Feeds

FTTN cabinet survives Kiwi car crash

Malcolm Turnbull's FTTN NBN plan now proven to be physically robust

High performance access to file storage

Update Maclolm Turnbull will be smiling today. The communications spokesperson for Australia's opposition recently advanced a fibre-to-the-node (FTTN) plan for the nation's multi-billion National Broadband Network. That plan calls for tens of thousands of roadside cabinets to be constructed as the node to which fibre connects, before using copper for the final copper run to a user's premises.

The cabinets have been criticised as electricity-chewing eyesores that could represent weak points in the network, as each would represent a bottleneck for the neighbourhood they serve.

But a car crash in Auckland, New Zealand, has just shown the cabinets can be rather tougher that one might imagine.

Posters on Kiwi tech community Geekzone yesterday noticed that a car (probably a four-wheel drive) ran into a FTTN cabinet used by Kiwi Telco Chorus to deliver its Whisper service. Posters in the thread were sent emails of the damage by Chorus, including the picture below.

A New Zealand FTTTN cabinet that survived being hit by a car

A FTTN cabinet in New Zealand that was hit by a car and kept working
Source: Geekzone

New Zealand's National Business Review now reports that the cabinet kept working for hours after the incident, with Chorus spokes-singers saying there was enough slack cable beneath the box that being knocked off its pedestal wasn't fatal. Nor did being cut off from its power source end service: an on-board battery kept connections alive and a replacement is due to go into service today.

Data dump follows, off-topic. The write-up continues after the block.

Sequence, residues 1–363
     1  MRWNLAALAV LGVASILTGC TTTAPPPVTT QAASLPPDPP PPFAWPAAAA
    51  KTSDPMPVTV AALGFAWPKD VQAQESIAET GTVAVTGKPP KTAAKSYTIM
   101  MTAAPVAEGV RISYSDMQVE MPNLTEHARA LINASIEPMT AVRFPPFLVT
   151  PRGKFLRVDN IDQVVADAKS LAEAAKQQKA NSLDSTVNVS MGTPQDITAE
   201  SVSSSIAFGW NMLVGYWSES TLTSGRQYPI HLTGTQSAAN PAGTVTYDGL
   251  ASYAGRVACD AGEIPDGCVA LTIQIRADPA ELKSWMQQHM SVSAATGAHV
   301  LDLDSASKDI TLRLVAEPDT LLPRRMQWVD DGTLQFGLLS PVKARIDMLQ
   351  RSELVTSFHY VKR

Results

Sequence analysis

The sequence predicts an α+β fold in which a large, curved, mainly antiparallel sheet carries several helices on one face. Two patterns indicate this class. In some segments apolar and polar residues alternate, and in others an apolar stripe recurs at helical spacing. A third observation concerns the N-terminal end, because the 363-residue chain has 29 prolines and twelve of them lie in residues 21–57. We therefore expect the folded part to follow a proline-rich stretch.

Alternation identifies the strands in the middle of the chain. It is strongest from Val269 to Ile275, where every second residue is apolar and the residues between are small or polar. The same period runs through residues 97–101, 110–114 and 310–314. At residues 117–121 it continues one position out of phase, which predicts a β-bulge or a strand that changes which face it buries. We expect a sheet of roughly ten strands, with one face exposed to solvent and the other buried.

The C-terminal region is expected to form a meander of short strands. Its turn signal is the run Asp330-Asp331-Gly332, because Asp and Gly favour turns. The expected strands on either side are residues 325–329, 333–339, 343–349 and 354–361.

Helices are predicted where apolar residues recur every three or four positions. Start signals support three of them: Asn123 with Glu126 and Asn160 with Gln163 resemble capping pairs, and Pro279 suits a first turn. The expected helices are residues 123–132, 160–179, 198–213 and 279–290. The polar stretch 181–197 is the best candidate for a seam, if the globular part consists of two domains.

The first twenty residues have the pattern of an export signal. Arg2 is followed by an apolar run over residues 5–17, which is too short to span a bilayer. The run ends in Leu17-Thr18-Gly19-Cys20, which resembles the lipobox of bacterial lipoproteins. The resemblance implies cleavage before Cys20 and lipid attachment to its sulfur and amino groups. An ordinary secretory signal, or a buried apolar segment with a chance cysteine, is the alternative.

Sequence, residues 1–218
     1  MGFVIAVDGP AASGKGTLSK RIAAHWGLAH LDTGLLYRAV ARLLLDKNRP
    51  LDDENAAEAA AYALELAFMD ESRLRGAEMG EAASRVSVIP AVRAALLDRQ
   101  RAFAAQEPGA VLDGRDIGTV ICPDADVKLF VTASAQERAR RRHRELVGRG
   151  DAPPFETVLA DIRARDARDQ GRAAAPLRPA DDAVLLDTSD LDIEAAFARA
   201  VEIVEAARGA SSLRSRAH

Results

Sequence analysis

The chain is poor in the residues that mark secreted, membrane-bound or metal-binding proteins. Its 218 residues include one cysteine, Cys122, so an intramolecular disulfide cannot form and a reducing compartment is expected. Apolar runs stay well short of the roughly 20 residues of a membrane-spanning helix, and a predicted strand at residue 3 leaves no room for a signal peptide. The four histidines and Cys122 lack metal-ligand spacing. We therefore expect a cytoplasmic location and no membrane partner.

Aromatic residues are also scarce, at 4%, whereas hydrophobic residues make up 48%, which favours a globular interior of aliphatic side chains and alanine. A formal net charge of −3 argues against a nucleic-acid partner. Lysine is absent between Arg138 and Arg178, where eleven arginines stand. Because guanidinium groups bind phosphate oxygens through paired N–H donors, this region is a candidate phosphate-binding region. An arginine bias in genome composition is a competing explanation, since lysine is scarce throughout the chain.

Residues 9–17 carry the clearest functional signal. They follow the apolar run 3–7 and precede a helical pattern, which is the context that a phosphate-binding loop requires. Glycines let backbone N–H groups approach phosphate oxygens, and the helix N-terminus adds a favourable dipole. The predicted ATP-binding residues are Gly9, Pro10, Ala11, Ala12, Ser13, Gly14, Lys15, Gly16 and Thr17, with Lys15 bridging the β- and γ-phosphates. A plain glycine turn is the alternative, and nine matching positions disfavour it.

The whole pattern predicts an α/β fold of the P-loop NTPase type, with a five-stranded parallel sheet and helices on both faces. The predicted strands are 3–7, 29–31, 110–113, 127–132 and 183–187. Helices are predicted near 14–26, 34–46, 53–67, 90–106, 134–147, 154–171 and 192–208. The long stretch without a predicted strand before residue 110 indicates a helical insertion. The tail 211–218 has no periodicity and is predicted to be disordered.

The happy news of continued service and swift replacement will doubtless put a smile on Turnbull's face, as it's a nice little proof point for the robustness of his plan. Those hoping to use their 4WDs to …. errr …. accelerate fibre-to-the-premises upgrades to their local broadband infrastructure will, Vulture South expects, soon be back at their drawing boards. ®

Update

Further posts to the thread we linked to above suggest internet service did not last for very long, if at all, once the cabinet took the hit. Phone services also appear to have been disrupted and Chorus is saying residents can expect a three-day outage.

High performance access to file storage

More from The Register

next story
A black box for your SUITCASE: Now your lost luggage can phone home – quite literally
Breakfast in London, lunch in NYC, and your clothes in Peru
Broadband Secretary of SHEEP sensationally quits Cabinet
Maria Miller finally resigns over expenses row
Skype pimps pro-level broadcast service
Playing Cat and Mouse with the media
Beat it, freetards! Dyn to shut down no-cost dynamic DNS next month
... but don't worry, charter members, you're still in 'for life'
Like Google, Comcast might roll its own mobile voice network
Says anything's possible if regulators approve merger with Time Warner
EE dismisses DATA-BURNING glitch with Orange Mail app
Bug quietly slurps PAYG credit - yet EE denies it exists
Turnbull leaves Australia's broadband blackspots in the dark
New Statement of Expectations to NBN Co offers get-out clauses for blackspot builds
Facebook claims 100 MEEELLION active users in India
Who needs China when you've got the next billion in your sights?
prev story

Whitepapers

Mainstay ROI - Does application security pay?
In this whitepaper learn how you and your enterprise might benefit from better software security.
Five 3D headsets to be won!
We were so impressed by the Durovis Dive headset we’ve asked the company to give some away to Reg readers.
3 Big data security analytics techniques
Applying these Big Data security analytics techniques can help you make your business safer by detecting attacks early, before significant damage is done.
The benefits of software based PBX
Why you should break free from your proprietary PBX and how to leverage your existing server hardware.
Mobile application security study
Download this report to see the alarming realities regarding the sheer number of applications vulnerable to attack, as well as the most common and easily addressable vulnerability errors.